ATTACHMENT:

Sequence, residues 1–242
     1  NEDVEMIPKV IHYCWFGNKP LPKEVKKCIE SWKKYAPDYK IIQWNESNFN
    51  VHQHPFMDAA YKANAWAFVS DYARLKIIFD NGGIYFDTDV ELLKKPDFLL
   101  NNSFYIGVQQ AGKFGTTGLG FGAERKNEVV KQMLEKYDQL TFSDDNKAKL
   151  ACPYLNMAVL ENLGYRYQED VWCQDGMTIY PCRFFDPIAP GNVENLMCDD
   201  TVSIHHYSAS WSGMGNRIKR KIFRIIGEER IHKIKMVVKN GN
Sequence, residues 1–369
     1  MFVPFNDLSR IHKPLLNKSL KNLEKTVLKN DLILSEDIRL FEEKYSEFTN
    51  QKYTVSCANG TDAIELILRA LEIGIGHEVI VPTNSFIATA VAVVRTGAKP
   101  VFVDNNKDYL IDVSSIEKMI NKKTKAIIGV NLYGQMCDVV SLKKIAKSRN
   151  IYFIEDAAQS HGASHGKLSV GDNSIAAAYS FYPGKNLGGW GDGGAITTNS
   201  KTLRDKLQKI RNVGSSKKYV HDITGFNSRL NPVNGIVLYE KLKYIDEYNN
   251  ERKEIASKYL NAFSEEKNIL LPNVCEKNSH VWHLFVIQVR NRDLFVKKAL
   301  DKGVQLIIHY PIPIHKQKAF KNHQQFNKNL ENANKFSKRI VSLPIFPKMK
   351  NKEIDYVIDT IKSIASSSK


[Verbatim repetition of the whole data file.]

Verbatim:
Sequence, residues 1–242
     1  NEDVEMIPKV IHYCWFGNKP LPKEVKKCIE SWKKYAPDYK IIQWNESNFN
    51  VHQHPFMDAA YKANAWAFVS DYARLKIIFD NGGIYFDTDV ELLKKPDFLL
   101  NNSFYIGVQQ AGKFGTTGLG FGAERKNEVV KQMLEKYDQL TFSDDNKAKL
   151  ACPYLNMAVL ENLGYRYQED VWCQDGMTIY PCRFFDPIAP GNVENLMCDD
   201  TVSIHHYSAS WSGMGNRIKR KIFRIIGEER IHKIKMVVKN GN
Sequence, residues 1–369
     1  MFVPFNDLSR IHKPLLNKSL KNLEKTVLKN DLILSEDIRL FEEKYSEFTN
    51  QKYTVSCANG TDAIELILRA LEIGIGHEVI VPTNSFIATA VAVVRTGAKP
   101  VFVDNNKDYL IDVSSIEKMI NKKTKAIIGV NLYGQMCDVV SLKKIAKSRN
   151  IYFIEDAAQS HGASHGKLSV GDNSIAAAYS FYPGKNLGGW GDGGAITTNS
   201  KTLRDKLQKI RNVGSSKKYV HDITGFNSRL NPVNGIVLYE KLKYIDEYNN
   251  ERKEIASKYL NAFSEEKNIL LPNVCEKNSH VWHLFVIQVR NRDLFVKKAL
   301  DKGVQLIIHY PIPIHKQKAF KNHQQFNKNL ENANKFSKRI VSLPIFPKMK
   351  NKEIDYVIDT IKSIASSSK